Today marks the beginning of the Lincoln Center Out of Doors Festival. Tonight's show pays homage to Fela Kuti and is produced by one of the finest curator's around, Anthony Demby of HumbleRiot. One of the stars of the show is Sinkane, who I bumped into at last month's summerstage show opening for Fela's Son, Femi Kuti. After talking about how we lived in neighboring dorms freshman year at The Ohio State University, I was able to convince frontman, Ahmed Gallab, to sit down with Every Day, Another Song and answer some more music-centric questions.
|People braving the heat for Sinkane at Summerstage|
EDAS: I know your path has taken you from Omdurman, Sudan to Columbus, Ohio and now to Brooklyn, but where does your music come from?
AG: My music comes from all that I have experienced in the world. [These places] are all different. That's what makes them so interesting. I have spent a great deal of my life traveling and learning about different things. I'm drawn to unique and interesting people and situations so every experience in different and exciting.
EDAS: There is some amazing, world influenced music coming out of Columbus Ohio these days, why do you think this town specifically is having so much success fusing these long estranged musical types together?
AG: It's easy to live in Columbus. There also isn't much to do so creative people have the freedom to really work on their art. This yields amazing art. Because there isn't a serious competitive vibe in Columbus; community thrives and is well respected there. People love each other and sincerely support each other. This helps tremendously.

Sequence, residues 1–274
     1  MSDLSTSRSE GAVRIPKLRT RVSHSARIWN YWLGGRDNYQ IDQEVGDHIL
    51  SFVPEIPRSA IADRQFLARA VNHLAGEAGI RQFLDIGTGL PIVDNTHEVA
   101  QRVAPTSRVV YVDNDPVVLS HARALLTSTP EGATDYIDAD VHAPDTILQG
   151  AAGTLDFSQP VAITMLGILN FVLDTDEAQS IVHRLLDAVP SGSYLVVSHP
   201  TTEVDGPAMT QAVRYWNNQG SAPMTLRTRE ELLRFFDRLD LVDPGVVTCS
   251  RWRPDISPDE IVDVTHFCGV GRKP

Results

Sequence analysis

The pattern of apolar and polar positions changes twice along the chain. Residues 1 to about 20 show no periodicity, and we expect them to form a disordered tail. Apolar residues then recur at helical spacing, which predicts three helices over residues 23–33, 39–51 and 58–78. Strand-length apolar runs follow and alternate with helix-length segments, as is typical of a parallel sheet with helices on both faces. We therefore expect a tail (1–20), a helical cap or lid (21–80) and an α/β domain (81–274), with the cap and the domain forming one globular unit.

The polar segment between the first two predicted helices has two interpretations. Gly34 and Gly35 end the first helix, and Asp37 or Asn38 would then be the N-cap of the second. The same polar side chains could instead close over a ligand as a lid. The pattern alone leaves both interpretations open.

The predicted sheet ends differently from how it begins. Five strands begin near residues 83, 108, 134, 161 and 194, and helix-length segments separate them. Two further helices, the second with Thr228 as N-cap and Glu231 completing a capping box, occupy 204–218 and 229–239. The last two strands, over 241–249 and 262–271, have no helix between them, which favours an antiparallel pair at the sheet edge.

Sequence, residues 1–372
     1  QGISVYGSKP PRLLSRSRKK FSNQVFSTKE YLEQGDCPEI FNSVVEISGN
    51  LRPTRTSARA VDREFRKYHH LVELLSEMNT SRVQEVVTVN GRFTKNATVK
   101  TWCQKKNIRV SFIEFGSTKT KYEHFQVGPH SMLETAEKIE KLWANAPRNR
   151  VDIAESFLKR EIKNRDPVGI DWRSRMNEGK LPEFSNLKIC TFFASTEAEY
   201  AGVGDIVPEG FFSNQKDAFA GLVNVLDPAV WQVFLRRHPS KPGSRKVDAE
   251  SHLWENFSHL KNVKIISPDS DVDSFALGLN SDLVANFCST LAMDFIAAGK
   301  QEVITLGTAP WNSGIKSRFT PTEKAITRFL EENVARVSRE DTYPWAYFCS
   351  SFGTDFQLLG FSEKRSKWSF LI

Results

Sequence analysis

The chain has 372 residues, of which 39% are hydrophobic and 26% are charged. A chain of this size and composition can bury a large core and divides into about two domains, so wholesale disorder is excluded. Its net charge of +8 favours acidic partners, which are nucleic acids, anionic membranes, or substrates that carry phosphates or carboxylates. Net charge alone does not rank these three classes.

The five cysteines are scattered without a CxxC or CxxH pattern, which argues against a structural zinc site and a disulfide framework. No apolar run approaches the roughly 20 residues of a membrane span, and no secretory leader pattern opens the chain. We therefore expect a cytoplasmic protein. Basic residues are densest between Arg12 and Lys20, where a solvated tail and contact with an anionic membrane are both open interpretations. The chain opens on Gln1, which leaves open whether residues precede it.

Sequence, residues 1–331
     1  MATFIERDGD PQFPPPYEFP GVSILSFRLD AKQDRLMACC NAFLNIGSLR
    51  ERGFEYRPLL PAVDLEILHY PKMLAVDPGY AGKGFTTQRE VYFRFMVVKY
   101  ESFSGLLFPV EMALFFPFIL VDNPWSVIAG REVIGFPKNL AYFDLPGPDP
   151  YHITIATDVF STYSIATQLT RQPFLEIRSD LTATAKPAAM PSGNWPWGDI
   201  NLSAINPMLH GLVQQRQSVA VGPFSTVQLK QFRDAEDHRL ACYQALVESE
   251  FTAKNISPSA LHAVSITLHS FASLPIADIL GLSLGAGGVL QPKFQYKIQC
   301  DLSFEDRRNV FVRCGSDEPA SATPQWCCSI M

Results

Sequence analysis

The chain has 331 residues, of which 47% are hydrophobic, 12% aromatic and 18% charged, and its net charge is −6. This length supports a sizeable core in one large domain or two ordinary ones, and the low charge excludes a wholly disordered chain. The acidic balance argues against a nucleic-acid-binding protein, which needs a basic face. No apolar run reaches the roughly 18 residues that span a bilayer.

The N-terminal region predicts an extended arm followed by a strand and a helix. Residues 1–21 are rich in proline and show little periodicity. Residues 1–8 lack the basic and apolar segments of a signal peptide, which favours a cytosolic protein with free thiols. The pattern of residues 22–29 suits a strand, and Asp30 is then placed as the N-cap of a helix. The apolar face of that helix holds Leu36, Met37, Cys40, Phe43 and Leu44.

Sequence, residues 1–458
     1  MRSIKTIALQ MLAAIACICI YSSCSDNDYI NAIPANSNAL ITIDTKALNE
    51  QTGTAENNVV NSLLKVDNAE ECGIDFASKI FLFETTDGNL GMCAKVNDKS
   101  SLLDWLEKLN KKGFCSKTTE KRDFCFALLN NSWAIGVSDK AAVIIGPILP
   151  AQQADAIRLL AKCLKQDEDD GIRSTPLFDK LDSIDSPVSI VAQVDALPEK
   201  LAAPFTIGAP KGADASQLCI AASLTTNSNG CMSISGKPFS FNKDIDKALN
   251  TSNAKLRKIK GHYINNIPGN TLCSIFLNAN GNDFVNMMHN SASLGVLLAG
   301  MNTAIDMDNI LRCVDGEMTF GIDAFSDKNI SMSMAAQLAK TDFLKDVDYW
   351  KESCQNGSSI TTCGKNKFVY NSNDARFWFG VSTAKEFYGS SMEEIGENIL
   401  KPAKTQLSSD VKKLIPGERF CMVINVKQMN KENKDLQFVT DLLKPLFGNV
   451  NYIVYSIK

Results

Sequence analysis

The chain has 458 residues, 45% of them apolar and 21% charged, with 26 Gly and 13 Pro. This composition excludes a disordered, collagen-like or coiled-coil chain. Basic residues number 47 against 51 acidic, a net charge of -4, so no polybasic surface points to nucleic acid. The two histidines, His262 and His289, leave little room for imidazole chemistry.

EDAS: You cut your teeth in Ohio's Punk Scene. What is the difference between your attitude then, and your worldly and jammy attitude today?
AG: I was young, naive and angry back then. I wanted to emote and I wanted to do it loudly. Playing drums in a hardcore band was incredibly therapeutic for me. I got a lot of out it. I am now older, more experienced and not angry. Love was always there but, now that the anger is gone, I can embrace it whole-heartedly.
EDAS: Last time we saw each other was at Femi Kuti's Summerstage show. Tonight you play a show honoring Fela Kuti. How does Fela and the Kuti legacy affect young African musicians today.
AG: He was a hardworking man with a vision. He created something larger than himself that will live on forever. That is inspiring to me.
Make sure you head over to beautiful Lincoln Center tonight to the Damrosch Park Bandshell and catch Ahmed and his band Sinkane perform alongside Baloji, Abena Koomson, Kronos Quartet, and M1 (of Dead Prez), in addition to many others. I'm pretty sure the show is free and the atmosphere over there is absolutely beautiful. I can't think of a better way to spend a hump-day evening.
In case you need a little convincing, here is a taste of the great world vibes Sinkane will be bringing to the bandshell tonight.
Sinkane - Jeeper Creeper